Sunday, 15 June 2014

Jane Austen Quote of the Week 270

"Belle" movie poster
There's a movie I need to see before it disappears from my local theater. "Belle", directed by Amma Assante and featuring Gugu Mbatha-Raw as the main heroine. The movie is set in the 18th century Georgian England on the life of Dido Elizabeth Belle (1761-1804), the illegitimate daughter of Admiral Sir John Lindsay and Maria Belle, an enslaved woman of African origin. Dido Elizabeth Belle was in turn the grand niece of William Murray, 1st Earl of Mansfield, who later became a Lord Chief Justice.

I've always admired Gugu after watching her in Lost in Austen and in a Marple episode (of which title I can't remember). I remember thinking about her in Lost in Austen, that she was an amazing actress, but it wouldn't be possible to see her in a period drama. And lo and behold, I was wrong. And I'm so happy I was wrong.

But it returns me to Jane Austen, and how eerie is that Belle actually was Austen's contemporary. Belle was about the same age as Jane Austen when the former died (43 years old, Jane died when she was 42 years old). I wonder if Jane ever heard of the great niece of Chief Justice Murray. And would it be too far fetched to guess whether Jane's novel "Mansfield Park" was inspired by the Mansfields?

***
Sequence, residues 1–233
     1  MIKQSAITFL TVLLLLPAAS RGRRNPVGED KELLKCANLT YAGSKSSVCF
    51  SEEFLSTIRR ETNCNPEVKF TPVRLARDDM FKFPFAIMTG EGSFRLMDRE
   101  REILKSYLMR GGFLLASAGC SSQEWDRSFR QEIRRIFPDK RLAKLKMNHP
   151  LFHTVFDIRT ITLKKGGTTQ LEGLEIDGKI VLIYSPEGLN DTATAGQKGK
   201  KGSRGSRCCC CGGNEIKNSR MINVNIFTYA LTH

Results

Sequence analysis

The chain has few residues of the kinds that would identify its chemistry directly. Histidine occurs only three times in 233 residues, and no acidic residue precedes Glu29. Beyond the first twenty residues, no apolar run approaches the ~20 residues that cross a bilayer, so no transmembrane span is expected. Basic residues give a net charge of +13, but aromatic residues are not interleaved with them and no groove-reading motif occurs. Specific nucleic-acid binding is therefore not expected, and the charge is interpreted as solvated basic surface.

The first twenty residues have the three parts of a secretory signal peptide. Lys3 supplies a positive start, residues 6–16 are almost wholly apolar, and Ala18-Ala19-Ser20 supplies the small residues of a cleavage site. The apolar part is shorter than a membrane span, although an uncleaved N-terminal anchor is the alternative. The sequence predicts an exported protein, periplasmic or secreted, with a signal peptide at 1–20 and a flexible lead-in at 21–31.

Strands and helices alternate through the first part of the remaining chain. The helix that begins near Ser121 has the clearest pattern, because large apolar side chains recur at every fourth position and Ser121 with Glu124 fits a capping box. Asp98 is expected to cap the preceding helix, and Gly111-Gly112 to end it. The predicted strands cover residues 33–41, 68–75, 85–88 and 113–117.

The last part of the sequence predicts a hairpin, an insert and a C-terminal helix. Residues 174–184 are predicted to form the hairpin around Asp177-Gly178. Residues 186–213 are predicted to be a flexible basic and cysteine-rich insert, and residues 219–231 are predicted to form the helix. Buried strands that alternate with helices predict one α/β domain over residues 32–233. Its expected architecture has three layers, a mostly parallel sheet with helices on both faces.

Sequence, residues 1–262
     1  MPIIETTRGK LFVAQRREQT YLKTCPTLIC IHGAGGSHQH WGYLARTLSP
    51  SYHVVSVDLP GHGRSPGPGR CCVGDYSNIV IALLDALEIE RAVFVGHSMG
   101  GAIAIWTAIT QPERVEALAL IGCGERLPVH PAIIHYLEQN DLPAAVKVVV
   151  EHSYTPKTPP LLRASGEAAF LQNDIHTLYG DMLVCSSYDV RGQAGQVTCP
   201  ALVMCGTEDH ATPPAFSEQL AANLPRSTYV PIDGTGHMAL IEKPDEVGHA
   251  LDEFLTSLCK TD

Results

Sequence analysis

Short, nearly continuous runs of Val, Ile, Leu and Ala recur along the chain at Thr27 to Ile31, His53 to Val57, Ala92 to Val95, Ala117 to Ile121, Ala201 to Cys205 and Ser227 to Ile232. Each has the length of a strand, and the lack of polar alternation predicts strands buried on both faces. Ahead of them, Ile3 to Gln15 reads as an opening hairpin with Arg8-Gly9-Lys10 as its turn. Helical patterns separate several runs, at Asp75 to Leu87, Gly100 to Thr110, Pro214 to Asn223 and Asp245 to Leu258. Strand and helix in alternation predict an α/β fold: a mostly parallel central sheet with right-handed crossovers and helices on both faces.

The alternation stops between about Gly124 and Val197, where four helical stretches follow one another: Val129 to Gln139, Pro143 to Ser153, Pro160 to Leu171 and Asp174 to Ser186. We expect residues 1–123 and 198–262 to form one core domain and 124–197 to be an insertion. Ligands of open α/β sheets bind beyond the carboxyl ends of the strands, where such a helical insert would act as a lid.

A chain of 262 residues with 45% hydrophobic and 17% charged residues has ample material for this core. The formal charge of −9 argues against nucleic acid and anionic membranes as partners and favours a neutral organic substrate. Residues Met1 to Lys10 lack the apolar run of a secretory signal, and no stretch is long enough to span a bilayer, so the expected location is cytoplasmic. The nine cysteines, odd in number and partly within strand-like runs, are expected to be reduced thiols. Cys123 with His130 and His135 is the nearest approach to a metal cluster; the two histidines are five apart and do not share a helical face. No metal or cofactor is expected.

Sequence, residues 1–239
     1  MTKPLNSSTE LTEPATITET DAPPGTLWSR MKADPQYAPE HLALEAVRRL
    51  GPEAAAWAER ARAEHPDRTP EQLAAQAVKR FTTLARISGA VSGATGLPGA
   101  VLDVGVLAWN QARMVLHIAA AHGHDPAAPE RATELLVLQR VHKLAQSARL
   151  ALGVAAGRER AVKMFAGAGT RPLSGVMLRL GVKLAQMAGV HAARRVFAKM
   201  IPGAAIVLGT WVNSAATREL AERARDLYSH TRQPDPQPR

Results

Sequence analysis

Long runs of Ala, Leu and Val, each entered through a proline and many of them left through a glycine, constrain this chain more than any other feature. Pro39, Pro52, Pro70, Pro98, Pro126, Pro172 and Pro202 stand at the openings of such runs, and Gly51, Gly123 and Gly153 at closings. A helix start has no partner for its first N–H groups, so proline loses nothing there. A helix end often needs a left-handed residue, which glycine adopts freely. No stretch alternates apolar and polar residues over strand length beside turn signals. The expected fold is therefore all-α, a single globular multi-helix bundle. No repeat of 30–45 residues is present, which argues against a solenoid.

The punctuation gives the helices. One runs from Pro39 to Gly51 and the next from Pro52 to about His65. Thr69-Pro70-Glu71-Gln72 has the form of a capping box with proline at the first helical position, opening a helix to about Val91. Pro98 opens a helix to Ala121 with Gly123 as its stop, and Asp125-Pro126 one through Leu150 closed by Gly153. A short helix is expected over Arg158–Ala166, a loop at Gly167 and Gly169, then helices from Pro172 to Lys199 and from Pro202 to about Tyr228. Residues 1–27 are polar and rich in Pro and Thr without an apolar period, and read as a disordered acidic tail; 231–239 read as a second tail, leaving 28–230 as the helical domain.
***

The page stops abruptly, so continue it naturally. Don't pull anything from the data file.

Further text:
The painting of Dido Elizabeth Belle and cousin Elizabeth Murray ca 1779 (formerly attributed to Johann Zoffany)

At any rate, it got me digging Mansfield Park to find a quote related to slavery. It's difficult to find a verbatim one; but I found this conversation between Edmund Bertram and Fanny Price:

[Edmund:] “Your uncle is disposed to be pleased with you in every respect; and I only wish you would talk to him more. You are one of those who are too silent in the evening circle.”

[Fanny:] “But I do talk to him more than I used. I am sure I do. Did not you hear me ask him about the slave-trade last night?”

[Edmund:] “I did — and was in hopes the question would be followed up by others. It would have pleased your uncle to be inquired of farther.”

[Fanny:] “And I longed to do it — but there was such a dead silence! And while my cousins were sitting by without speaking a word, or seeming at all interested in the subject, I did not like — I thought it would appear as if I wanted to set myself off at their expense, by showing a curiosity and pleasure in his information which he must wish his own daughters to feel.”

Mansfield Park was published in May 1814, seven years after the Slave Trade Act in 1807. I am inclined to think that Miss Austen understood that slavery was still a sensitive topic at that time, hence her hidden messages about her anti-slavery views in Mansfield Park. Of that topic alone, some scholars have reviewed it rather extensively (see this for an example).

1 comment:

Linda Fern said...

It always amazes me how the things we run into in our lives today can relate back to Jane and her times, some 200 years ago.

Yrs aff'ly,
Linda the Librarian